As said before, it cannot be stated with certainty that all of this would have changed the result of the case. But, as said by the Supreme Court, a litigant who has engaged in misconduct is not entitled to "the benefit of calculation, which can be little better than speculation, as to the extent of the wrong inflicted upon his opponent." Minneapolis, St. Paul & S.S. Marie Ry. Co. v. Moquin, 1931, 283 U.S. 520, 521-522, 51 S. Ct. 501, 502, 75 L. Ed. 1243.

There is another point with regard to the conduct of the trial which comes very close to being grounds for a new trial even though we are not compelled to say that it is alone sufficient. The able and experienced trial judge gave an excellent charge to the jury. He discussed the case from all angles and presented it in such a way that the members of the jury, if they listened as they were bound to, would have a full understanding of what their problems were. At the end of the charge counsel, as they frequently do, began to offer objections. It is quite understood, of course, that if objections to the charge are to be preserved the objections must be stated then and there and the reasons therefor. Fed.R.Civ.P. 51, 28 U.S.C. One only has to look at trial records, however, to see how many of such objections are not only futile but result in confusion of the jury.

In this case Mr. Richter took exception to that portion of the court's charge on contributory negligence. He claimed what the judge had told the jury was a charge on assumption of risk "which is no defense under the statute." The objection was not well taken. The charge on contributory negligence was clear and accurate. But under pressure of objection the court said to the jury "I want to say to you that this plaintiff does not assume any risk of his employment. The doctrine of assumption of risk has been abolished. There is no assumption of risk in his employment." Railroad's counsel did not raise his voice at that moment. It should be remembered that all this took place immediately after the charge and, no doubt, Railroad's counsel, who was next, was busy getting ready for what he had to say. At any rate, the record went on for several pages and when the jury was about ready to go out one juror said: "Your Honor, when you referred to assumption of risk, what did you mean?" Then the court gave another paragraph of instruction. Mr. Richter, at this point, undertook to instruct the jury himself and to improve upon the judge's language. He said, "In other words, he does not assume any risk nor assume that anybody else is going to be negligent to him." Then the court added two more lines. Plaintiff's counsel then pressed the judge to tell the jury there was a special act of Congress to protect railroaders under this statute. By that time Railroad's counsel raised an objection. The court did not stop to hear more but immediately had the bailiff sworn and sent the jury out.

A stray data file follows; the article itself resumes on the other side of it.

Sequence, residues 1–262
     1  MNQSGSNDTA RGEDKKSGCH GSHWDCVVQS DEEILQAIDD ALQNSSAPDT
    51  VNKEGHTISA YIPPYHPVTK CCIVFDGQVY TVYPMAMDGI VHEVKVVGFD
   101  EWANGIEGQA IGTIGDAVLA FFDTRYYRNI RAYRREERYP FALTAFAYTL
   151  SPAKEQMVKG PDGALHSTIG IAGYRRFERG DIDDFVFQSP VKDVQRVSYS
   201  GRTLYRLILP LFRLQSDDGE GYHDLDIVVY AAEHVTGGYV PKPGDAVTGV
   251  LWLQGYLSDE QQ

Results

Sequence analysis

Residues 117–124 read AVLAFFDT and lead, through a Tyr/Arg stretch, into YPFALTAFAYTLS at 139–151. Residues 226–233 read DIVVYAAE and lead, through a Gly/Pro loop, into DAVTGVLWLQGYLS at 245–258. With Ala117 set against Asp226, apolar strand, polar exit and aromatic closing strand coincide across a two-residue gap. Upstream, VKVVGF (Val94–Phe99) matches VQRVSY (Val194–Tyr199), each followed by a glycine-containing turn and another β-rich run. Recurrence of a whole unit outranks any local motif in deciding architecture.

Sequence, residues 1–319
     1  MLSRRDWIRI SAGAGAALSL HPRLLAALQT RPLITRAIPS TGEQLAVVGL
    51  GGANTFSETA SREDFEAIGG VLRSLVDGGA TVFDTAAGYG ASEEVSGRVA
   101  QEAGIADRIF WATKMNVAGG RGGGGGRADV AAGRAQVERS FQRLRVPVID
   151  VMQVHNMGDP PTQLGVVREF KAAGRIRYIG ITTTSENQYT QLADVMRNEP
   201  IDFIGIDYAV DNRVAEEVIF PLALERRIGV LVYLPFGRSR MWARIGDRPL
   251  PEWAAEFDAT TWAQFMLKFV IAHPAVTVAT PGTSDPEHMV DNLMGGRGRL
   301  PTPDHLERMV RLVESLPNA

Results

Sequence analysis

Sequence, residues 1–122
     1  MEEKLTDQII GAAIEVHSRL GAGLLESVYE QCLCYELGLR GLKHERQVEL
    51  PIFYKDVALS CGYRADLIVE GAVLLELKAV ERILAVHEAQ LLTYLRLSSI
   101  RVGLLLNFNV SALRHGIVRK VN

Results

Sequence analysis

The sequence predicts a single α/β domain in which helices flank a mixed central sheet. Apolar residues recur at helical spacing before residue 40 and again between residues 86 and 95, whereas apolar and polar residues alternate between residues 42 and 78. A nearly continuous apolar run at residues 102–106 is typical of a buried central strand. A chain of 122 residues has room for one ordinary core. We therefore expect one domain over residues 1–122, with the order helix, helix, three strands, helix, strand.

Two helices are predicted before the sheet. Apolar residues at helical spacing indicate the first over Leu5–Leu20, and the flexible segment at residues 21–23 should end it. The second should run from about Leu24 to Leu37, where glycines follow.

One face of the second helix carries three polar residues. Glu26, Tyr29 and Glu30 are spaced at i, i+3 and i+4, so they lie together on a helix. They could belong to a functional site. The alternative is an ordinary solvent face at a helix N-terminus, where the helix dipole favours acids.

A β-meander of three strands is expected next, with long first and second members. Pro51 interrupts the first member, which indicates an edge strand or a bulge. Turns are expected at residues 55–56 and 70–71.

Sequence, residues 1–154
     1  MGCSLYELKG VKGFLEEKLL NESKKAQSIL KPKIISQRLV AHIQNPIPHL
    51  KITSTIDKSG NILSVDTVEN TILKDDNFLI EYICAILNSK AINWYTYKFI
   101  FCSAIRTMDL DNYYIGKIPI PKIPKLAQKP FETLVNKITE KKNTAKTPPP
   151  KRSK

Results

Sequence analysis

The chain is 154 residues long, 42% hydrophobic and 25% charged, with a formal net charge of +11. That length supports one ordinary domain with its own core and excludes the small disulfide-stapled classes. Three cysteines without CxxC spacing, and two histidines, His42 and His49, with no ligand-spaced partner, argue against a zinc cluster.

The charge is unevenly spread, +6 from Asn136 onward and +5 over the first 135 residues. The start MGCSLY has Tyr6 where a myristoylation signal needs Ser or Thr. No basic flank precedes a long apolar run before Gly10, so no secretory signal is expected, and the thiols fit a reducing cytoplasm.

It was unfortunate to bring in this business of assumption of risk at this stage of the case. No one had mentioned it either in pleadings, argument, testimony or written documents. No one would have thought of it. Plaintiff's counsel's objection to the judge's charge is not well taken. The line between contributory negligence and assumption of risk is a difficult one to draw. This Court has recently had occasion to discuss it and to point out that fact. Potter v. Brittan, 1961, 286 F.2d 521.

It seems very clear in reading this record afterward that for this difficult concept to be thrown into the jury's mind at the last minute without much explanation was almost sure to have left it in confusion. The case had been hard fought. The charge of the judge had presented the problems clearly and this new matter coming in at the end was enough to confuse the most conscientious jury. In view of the fact that we are already ordering a new trial we do not need to decide whether the Railroad's objection was timely taken or sufficiently taken. Nor do we need to decide whether the matter is so fundamental that the point can be taken up without timely objection. Cf. McNello v. John B. Kelly, Inc., 3 Cir., 1960, 283 F.2d 96. In view of what we have said it is unlikely that the question will come up in a second trial of the case.

The judgment of the district court will be reversed and the case remanded for further proceedings not inconsistent with this opinion.